So if you have to hire them, it’s going to work out for you in your favor. Trust me. We’ve seen historically we are very creative– you know, Black and brown people, Indigenous people, women, we’re the best of the best. I will say that. I would challenge you, white men, that we can come in and knock the walls down, knock the doors down, and do a better job. You know, I’ll even say that. We can do a better job. So if that means that you have to, without tokenizing us, having to hire more diverse candidates, do it, because it’s not working right now. So what do you have to lose?
Yeah. Thank you. Thank you for that.
And you know, I mean, I’m all for having a diverse workforce, obviously, for the nature of my role, and we want to be able to have that diversity of thought, people who have different experiences and different educational backgrounds and all of that for sure, but I think the other piece, too, that if you had to take a look at– and all things equal, you have two very strong candidates that are vying for a specific role, because diversity and inclusion is such a hot topic at the moment, sense of belonging in organization is also very key, you need to start taking a look at which is the candidate that is going to have the same set of values, you know, their personal beliefs, the company beliefs, are they going to have that sense of belonging in the organization. Because it’s great to hire someone, but if we’re not going to be able to retain them because they don’t feel like they belong in our organization, it’s just not a fit for them, then it’s also very difficult.
So I think when you get to a point where they’re both really skilled, you need to start also taking a look at your organization, are the values the same, and also taking a look at your teams. If I have a very strong team already and I want to make my team a little bit better, which candidate is going to round out my team? Which is the person that’s going to give me what I don’t already have to make my team better? And I think those are some of the things that we could continue to do to make it objective.
And I like that. And I think if we can lead from an inclusive mind, then that works great, because then we’re thinking about, too, what that person can add to the team. But I think sometimes what happens is, depending on who’s in charge of the team, if they look at that person and say, oh, this person doesn’t fit because of some diverse characteristics or something about them that makes me uncomfortable is where we’re getting into the issues. You know, I think we have got to, as companies, start leading inclusively, and thinking about what people can offer even if they don’t line up exactly, because what they bring may just be what you need.
So I know we’re almost out of time here. So you know, one of the great things about this is we are having conversations. We are empowering people and enlightening people with information. But conversation is just that. It’s conversation. What happens after the conversation? I want to ask both of you for a quick recommendation for what we can do to move away from systemic racism, to dismantle the systems that are creating inequity for a lot of people. Michelle, would you like to take it first?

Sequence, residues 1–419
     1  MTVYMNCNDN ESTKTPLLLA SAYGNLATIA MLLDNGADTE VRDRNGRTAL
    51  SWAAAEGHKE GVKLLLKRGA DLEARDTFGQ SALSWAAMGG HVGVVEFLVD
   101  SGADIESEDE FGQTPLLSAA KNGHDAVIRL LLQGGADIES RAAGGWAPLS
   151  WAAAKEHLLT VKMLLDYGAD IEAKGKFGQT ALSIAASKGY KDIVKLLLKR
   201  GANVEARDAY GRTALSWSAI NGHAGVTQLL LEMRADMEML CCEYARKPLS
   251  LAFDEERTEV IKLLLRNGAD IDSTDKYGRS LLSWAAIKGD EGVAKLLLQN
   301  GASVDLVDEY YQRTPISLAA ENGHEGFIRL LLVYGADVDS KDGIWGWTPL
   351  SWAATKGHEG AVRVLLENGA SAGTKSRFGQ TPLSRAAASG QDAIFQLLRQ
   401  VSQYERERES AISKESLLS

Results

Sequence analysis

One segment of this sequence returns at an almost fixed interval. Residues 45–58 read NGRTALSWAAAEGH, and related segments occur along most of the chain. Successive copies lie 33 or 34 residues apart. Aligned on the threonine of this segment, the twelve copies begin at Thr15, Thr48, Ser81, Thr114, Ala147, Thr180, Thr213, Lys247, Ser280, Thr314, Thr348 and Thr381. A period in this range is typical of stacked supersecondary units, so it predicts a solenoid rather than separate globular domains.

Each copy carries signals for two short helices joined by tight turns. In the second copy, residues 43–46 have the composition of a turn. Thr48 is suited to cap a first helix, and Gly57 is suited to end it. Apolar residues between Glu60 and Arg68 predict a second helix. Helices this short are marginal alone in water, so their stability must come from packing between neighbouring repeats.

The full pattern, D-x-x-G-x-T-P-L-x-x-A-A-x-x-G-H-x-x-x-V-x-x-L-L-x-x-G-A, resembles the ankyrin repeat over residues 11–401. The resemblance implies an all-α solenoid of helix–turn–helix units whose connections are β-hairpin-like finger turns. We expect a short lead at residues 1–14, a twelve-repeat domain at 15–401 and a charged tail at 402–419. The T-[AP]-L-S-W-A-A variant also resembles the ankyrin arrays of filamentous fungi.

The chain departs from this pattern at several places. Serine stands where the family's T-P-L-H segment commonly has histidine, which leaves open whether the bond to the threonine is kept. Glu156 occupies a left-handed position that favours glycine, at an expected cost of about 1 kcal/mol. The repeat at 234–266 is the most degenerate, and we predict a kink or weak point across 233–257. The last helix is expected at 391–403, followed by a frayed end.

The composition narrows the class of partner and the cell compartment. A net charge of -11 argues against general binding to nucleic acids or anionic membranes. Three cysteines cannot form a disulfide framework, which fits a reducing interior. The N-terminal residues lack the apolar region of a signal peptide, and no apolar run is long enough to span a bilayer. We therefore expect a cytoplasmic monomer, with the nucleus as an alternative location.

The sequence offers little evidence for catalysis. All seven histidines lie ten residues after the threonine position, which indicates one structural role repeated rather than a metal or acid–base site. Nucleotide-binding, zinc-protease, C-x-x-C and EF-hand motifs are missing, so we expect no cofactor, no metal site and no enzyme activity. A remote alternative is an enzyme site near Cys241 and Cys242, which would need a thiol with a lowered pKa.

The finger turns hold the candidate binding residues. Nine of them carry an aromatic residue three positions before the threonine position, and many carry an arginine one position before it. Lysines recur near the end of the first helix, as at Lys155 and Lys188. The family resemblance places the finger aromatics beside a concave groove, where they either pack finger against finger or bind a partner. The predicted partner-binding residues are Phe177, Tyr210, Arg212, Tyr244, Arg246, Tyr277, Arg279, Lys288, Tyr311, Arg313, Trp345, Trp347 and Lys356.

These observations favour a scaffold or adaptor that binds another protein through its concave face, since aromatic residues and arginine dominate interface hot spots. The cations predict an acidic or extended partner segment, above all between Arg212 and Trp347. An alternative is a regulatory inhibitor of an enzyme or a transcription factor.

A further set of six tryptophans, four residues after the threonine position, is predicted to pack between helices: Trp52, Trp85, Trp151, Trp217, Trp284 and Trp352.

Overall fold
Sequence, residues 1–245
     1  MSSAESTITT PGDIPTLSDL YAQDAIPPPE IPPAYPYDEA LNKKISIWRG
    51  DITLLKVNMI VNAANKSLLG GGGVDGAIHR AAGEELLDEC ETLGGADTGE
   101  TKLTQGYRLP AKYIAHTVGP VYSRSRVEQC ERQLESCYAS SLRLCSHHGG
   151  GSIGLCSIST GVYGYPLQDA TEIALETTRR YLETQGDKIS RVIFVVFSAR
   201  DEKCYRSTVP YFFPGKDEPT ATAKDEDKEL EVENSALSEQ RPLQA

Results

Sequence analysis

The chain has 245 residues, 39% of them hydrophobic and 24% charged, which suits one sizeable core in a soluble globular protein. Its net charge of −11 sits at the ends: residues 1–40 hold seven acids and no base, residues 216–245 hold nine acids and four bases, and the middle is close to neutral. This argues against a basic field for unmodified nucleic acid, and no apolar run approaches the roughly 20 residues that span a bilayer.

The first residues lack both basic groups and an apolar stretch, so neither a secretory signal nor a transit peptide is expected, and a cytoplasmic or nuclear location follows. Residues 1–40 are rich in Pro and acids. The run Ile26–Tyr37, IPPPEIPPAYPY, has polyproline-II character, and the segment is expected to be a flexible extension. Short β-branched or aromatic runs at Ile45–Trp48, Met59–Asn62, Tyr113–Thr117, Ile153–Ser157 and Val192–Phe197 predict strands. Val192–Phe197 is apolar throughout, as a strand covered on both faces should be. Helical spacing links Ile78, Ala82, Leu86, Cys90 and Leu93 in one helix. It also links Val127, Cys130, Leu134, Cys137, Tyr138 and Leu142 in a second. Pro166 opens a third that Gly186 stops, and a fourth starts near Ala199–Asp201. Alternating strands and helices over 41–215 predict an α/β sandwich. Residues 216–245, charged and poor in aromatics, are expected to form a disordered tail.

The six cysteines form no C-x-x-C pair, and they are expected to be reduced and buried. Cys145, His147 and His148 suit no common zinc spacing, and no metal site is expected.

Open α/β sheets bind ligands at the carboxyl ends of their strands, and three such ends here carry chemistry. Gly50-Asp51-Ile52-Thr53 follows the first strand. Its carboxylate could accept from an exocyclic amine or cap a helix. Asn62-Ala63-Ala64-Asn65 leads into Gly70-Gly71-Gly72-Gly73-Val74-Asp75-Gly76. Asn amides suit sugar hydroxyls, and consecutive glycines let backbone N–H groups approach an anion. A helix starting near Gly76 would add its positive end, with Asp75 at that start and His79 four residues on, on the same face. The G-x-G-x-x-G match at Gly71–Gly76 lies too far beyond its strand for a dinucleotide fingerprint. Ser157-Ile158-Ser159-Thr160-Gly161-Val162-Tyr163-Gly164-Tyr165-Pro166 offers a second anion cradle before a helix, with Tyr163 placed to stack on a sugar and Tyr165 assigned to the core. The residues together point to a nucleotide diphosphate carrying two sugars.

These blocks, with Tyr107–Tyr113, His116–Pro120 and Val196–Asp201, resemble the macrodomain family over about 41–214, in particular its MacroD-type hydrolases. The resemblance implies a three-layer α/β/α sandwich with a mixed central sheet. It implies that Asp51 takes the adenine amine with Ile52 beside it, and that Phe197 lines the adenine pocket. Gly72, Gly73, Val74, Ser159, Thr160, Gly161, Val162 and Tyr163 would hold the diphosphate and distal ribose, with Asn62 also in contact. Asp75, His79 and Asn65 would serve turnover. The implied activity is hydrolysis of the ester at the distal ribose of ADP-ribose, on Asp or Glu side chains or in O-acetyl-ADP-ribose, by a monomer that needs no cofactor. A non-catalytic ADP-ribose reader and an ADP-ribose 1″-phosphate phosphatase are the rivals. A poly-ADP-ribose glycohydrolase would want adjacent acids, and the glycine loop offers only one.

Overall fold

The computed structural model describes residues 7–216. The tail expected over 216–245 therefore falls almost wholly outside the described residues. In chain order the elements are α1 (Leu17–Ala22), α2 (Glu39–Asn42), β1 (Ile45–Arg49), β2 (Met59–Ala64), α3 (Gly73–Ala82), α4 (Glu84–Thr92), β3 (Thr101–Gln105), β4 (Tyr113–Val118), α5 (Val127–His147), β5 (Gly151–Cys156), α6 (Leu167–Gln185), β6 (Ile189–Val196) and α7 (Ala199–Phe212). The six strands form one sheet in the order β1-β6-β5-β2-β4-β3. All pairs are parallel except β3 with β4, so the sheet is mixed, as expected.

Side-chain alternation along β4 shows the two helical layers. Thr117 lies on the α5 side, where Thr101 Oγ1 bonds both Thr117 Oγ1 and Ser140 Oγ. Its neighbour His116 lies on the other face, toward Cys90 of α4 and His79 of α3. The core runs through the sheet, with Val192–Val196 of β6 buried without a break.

You know, it’s really difficult for tech organizations, as well, because if you don’t have the changes happening in government, in the criminal justice system, in our society that we live in, it’s so difficult to sustain some of the changes that organizations and companies do. One of the great things that we’ve been going through lately– this month, I’ve gone through so many meetings with our ERGs, as an example, from our Galaxy of Black Professionals to our Equality Alliance to our Next Generation Leaders.
But I think it’s important that, for allies, that we continue to listen, learn, educate ourselves. Don’t be scared to ask questions if you’re not certain about something, just for clarification. And then, see what are some of the things that we can do to really not just say I’m an ally, but really do something to impact change.
And luckily, with all the horrible things that have been happening in America, our younger generation is giving me so much hope just for the things that they’re doing. They’ve just– they’re done. You know? And I think, with all of that, they’re coming together. The solidarity is there. It’s really forcing organizations and companies to take action. And silence is not an option anymore because our younger generation is just not having it.
Right. Right. Thank you. Obum, what are your thoughts?
Definitely agree, our younger generation is not having it. And that’s why you need to really be focusing on. They’re the ones who are going to run the world. And technology is helping, helping them become– they need to become one, because you see smartphones is a huge thing right now we’re using to fight these injustices. So now, we’re being able to tape injustices, and people are being able to see it now.
Things that I used to grow up, having to deal with myself growing up in Ferguson-Florissant, Missouri, the things– if I could have had a smartphone back then, people would be so astonished and shocked and amazed at what we had to go through. Now, we can see it, right? So we have these smartphones, we have social media to amplify, for people to even have rallies, to gather together across the nation using social media.